Barak: Always a dangerous thing to say but I do sort of think that. When a field is young - and molecular biology and molecular genetics is still a pretty young field - in the beginning, there are lots of foundational principles to uncover and big discoveries are made quickly and rapidly, and then you do get to a position of diminishing returns. If you're thinking about it that way, if you're thinking that you know, in order to be successful, I have to uncover a foundational principle. I guess, part of what I’d like to argue here is that you can be a very successful molecular biologist by taking principles that we qualitatively know about already and putting them in a quantitative framework that makes them predictive and useful.

Chris: Well go on. Explain what you mean by quantitative model then. Give me a tangible example of how that would apply to molecular biology.

Barak: One of the things that I work on in my own is transcriptional regulation. If you ask me how does a gene get turned on and off at the right time and the right place, the language that I'm going to be using is mostly qualitative. And so, it’s very difficult to take that qualitative understanding and turn it into a quantitative prediction.

Chris: Do you think that we need to be prescriptive about that or will it not just happen anyway because as people are opening up new avenues and discovering new things? they will gently fill in the gaps behind.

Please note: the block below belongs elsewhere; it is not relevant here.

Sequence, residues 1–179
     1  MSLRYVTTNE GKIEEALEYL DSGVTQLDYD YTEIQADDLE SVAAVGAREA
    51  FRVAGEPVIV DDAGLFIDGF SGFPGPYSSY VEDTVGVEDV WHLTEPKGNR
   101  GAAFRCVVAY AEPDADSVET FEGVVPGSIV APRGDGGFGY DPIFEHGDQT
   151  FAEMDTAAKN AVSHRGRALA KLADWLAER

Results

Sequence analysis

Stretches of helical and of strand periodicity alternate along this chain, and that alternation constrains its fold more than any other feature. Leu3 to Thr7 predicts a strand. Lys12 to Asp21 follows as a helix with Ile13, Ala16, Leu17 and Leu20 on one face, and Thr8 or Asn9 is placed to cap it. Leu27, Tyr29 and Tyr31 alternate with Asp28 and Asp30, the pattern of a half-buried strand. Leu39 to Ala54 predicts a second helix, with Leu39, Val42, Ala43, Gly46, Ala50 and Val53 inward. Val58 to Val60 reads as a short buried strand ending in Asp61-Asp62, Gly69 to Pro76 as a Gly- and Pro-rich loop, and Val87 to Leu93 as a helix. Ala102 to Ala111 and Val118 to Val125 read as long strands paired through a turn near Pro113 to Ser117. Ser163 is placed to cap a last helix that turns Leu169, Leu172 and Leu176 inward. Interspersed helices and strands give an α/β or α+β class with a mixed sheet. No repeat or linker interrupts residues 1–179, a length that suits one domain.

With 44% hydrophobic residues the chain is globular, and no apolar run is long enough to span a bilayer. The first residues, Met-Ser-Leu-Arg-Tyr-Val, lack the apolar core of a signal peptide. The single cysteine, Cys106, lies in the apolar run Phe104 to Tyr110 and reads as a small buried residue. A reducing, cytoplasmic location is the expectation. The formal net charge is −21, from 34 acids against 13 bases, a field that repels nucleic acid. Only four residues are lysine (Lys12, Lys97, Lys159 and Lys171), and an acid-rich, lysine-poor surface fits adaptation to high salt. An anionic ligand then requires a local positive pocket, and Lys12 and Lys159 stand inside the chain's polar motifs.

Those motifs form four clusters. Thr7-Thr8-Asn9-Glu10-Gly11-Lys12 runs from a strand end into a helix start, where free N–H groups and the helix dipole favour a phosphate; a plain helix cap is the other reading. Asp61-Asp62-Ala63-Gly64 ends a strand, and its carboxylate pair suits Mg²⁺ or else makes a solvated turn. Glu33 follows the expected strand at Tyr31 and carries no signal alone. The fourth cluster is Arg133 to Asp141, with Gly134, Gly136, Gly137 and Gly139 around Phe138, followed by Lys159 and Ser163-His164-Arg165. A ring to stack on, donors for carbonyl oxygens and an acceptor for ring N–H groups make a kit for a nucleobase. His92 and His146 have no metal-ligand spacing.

Barak: I think we do have to be prescriptive and encourage people to think about quantitative models because it does not seem to happen naturally in molecular biology. My adviser used to tell me that, “you can conquer the world as long as you have an internal control. You can always tell where there's a difference.” But what was missing in that statement is that it might matter whether it’s a two-fold difference or a ten-fold difference, and how we incorporate those sorts of thinking into model building. I don’t think that really comes naturally to molecular biologists and particularly in the types of training that graduate students go through during their PhD.

Chris: They’re not talking much about philosophy either and there's a big chunk of that in the article you’ve written. I find it quite refreshing.

Barak: Yeah. Well I think maybe there's a reason the degree that we get is called doctor of philosophy. It’s not actually called doctor of biology or doctor of chemistry. It’s called doctor of philosophy and I think the reason for that is that the really important skills that graduate students learn as they go through their PhD are not actually how to do a PCR reaction or how to write a particular piece of code. It’s how to breakdown a problem and break it into manageable pieces and how to know when you’ve collected data that really answers that problem and how to synthesise data into a coherent argument. Those are really the important skills that you'll learn as a PhD student and I would say that those come straight from philosophy.